So anyways, I’m supposed to be writing about why I write. Yes, it’s a mouthful. It’s also difficult to write through the tears.
You see, I just got another rejection. It’s the first for this piece of work, it’s the first for this year, and it’s (as far as rejections go) a constructive one. I think, being realistic, I expected it- which is why I chose that particular publisher first. She’s one of the few in this market who not only replies, but provides feedback.
I thought I was ok with it- the rejection, that is.
I sat and I looked at it for half an hour or so- in between ducking in and out of watching The Time of Our Lives on iview.
Looking logically at it, the pacing does need work. She’s right. And yes, there are issues with the story arc. It’s valuable feedback I can work with and build from.
And then I started sobbing.
I haven’t done that with rejections before. I’ve been sad, I’ve been down, but I haven’t been inconsolable.
This is the third full manuscript I’ve written.
Number 1 will never see light of day- and that’s a good thing. Despite receiving great feedback in a couple of RWA competitions I entered it in, the 3 publishers I sent it to, were not (I assume from the ensuing silence) impressed. Besides, now it’s been carved up and some of the passages used in number 3. A few passages are being used in my current work in progress.
Number 2 got close last year, but wasn’t quite there. I sent it out to three publishers for a magic strike rate of three call-backs. A call-back is a little like the literary equivalent of a screen test, I suppose, or a second or third interview. It’s where you’ve made it through the silence of the slush pile and they want to see the whole thing.
Two of those call-backs resulted in ‘we’re interested…’ One in ‘we’re interested, please don’t submit it elsewhere.’ I got a little excited. All three eventually resulted in rejections- but the whole process took most of last year. At the end of it, I was exhausted, and demoralised, but I didn’t sob like a lolly deprived baby …not like I have tonight.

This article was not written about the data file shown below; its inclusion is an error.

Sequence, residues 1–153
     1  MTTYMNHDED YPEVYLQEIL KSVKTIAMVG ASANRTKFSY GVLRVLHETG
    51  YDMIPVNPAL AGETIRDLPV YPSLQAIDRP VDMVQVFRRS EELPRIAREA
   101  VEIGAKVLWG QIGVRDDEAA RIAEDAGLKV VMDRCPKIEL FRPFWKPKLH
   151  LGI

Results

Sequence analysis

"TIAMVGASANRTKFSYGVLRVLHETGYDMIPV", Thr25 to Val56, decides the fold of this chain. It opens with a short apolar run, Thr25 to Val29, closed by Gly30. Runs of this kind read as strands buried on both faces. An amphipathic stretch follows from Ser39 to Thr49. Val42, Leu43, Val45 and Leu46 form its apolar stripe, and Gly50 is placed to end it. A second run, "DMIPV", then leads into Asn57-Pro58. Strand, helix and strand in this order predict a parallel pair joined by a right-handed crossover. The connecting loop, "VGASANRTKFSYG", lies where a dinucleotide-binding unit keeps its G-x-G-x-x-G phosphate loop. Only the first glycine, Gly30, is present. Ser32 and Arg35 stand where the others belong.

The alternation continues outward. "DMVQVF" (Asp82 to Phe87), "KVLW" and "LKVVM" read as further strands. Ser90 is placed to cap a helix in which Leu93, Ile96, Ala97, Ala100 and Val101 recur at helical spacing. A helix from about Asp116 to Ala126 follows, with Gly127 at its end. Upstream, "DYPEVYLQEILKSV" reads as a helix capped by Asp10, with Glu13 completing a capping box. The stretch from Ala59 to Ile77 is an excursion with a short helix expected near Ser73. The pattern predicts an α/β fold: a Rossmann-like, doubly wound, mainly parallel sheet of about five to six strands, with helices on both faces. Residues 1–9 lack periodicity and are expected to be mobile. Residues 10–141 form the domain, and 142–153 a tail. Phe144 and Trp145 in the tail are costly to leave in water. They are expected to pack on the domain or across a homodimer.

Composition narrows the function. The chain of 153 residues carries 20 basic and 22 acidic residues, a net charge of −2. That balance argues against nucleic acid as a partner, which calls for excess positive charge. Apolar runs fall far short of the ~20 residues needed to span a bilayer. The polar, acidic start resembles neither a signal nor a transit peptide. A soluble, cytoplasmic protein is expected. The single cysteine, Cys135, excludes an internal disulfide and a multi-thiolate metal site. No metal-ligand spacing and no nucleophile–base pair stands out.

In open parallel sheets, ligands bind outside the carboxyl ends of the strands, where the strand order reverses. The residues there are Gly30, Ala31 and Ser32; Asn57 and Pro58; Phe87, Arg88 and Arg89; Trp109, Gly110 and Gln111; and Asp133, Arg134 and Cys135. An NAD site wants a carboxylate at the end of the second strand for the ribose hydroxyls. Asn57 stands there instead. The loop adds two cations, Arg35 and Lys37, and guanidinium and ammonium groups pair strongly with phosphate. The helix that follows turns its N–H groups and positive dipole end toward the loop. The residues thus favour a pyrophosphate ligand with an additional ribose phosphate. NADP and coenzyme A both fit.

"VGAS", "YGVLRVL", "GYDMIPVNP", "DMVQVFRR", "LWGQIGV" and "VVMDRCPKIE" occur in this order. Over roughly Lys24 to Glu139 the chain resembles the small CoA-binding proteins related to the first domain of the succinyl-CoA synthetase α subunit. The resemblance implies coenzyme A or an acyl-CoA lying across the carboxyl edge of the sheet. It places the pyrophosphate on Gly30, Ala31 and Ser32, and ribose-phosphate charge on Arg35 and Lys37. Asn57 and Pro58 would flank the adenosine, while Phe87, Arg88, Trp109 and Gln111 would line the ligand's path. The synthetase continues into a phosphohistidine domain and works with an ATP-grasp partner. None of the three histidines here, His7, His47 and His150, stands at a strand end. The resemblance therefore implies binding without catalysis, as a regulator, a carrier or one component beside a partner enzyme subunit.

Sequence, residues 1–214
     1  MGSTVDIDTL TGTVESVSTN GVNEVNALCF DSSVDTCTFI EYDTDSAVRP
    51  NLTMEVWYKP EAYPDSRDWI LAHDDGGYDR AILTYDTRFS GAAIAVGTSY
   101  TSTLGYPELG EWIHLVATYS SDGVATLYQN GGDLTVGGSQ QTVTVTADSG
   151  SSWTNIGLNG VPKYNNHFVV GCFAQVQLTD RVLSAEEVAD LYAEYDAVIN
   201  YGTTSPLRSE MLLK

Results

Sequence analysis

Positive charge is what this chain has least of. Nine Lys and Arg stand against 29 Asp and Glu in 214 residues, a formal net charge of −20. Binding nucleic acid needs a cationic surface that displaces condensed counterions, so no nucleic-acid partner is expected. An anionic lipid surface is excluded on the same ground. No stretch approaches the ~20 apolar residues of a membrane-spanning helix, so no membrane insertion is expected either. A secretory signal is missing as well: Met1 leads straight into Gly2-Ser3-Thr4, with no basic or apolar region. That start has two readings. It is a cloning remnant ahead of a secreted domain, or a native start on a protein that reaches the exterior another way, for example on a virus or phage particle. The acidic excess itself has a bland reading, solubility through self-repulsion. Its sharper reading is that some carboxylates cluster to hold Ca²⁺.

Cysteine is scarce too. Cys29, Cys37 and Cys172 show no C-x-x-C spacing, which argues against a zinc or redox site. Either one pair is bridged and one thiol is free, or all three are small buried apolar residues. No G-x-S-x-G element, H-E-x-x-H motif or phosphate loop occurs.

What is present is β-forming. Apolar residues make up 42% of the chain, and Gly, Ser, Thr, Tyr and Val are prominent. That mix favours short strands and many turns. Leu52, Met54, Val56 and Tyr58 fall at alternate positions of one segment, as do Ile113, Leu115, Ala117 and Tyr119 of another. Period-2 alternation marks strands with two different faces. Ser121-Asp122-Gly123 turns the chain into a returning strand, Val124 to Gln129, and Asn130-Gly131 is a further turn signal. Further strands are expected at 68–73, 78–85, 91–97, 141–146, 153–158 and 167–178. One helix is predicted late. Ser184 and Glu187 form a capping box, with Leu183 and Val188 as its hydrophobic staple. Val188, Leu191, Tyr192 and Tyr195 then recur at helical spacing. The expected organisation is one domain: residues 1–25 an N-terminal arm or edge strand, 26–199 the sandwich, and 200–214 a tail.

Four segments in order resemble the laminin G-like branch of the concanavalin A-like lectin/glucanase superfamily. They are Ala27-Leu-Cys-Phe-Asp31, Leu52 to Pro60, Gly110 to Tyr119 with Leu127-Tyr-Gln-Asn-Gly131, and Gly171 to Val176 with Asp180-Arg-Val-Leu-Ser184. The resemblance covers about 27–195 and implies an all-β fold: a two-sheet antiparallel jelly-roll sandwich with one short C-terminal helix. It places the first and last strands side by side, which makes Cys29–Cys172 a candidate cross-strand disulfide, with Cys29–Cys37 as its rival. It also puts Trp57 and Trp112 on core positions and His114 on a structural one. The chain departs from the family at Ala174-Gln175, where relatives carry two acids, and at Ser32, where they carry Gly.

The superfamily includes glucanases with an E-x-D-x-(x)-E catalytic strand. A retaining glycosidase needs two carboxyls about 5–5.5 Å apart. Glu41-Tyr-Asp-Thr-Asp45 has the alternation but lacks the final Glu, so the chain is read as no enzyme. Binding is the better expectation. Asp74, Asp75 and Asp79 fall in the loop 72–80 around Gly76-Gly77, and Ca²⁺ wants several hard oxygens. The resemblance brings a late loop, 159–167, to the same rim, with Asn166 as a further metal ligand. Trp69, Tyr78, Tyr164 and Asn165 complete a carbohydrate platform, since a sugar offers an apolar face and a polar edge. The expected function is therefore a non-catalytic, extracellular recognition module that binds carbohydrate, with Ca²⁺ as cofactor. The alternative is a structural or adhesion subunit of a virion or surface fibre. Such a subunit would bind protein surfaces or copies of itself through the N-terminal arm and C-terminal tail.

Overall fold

So I did what I needed to do with Number 2- I waited until I was ready, then pulled my big girl pants on, and completed another re-write- incorporating the feedback I received. It left home again last week and is looking for somewhere to settle.
Number 3 has just received its first rejection. I love it- the book, not the rejection. It was written using daggy pop songs as chapter headings and cues. I love the characters and I love their story. Sadly, this particular publisher did not. That’s ok.
Anyways, it seemed the right and appropriate time to answer the questions asked when I was tagged by my friend Debbish the other week. So, without further ado:
Why I write?
I’d say ‘because I have to,’ but that’s what everyone says. It’s also true.
I write fiction- and I’ll continue writing fiction- because I like nothing better than living in the fantasy world of (mostly) made-up people in (mostly) made up scenarios. I let them say the things I can’t and I like to give them happy endings- the ones you don’t get in real life. I love the hopefulness of that possibility.
It may never bring in a corporate size salary, but one thing I know for sure is that I want to do it for a living and I want to do it for the rest of my life.
I blog because it’s immediate. Also, although I have a small audience, because it provides a quick gratification- and an assurance that my words are not invisible.
What I’m working on?
I have so many things on the go- and a million more ideas- but:
- A chick lit novel (yes, another one) about three friends (how original) in their early forties who choose to throw their checklists away and just say yes.
- An ebook about Uranus (yes, I’ve heard the jokes)
- An e training module that will allow me to teach astrology by correspondence.
Now, I’ll also be taking a good hard look at Number 3.
How does my writing differ from others in my genre?
I’d like to say my voice, but I also think that my voice is, perhaps, what’s holding me back. The feedback I got last year (from the two publishers who were lovely enough to provide it…the third, the one who asked me not to submit elsewhere, did not) was along the lines of ‘I read till the end, enjoyed it, loved the characters, but….’
How does my writing process work?
I’m a serious pantser. I go into something with a grain of an idea, and work from there. A bit like that episode of Absolutely Fabulous where Edina planned her kitchen around a door handle she was sure she could get in New York.
For my second manuscript, I tried writing from the end forward- just to see what happened. For my third (the one I’m crying over) I uploaded a playlist so that I could live in my characters head during my daily commute.
What else? Each of my lead characters has an astrological chart- it helps me with their motivations and relationship style.
Anyways, once I start, I’ll knock a first draft out in 2 months- writing mostly in bed…at night after work, or in the morning before it.
Then I’ll re-write a few times.
Then I do a synopsis…at the end…maybe that’s where I’m going wrong…?
And yes, I know that self publishing is a viable option- and one I’ll be using for my astrology work, but this is something that I really want someone else who is supposed to know about this stuff to say it’s good enough.
- I post this before I change my mind about over sharing.
- I turn off sharing to Facebook because I don’t want anyone to send me well-meaning messages of support- although I do love that I have such a great support network.
- I also tag someone else…and that someone is Jen Morton from Kai Chronicles…if she wants to, that is…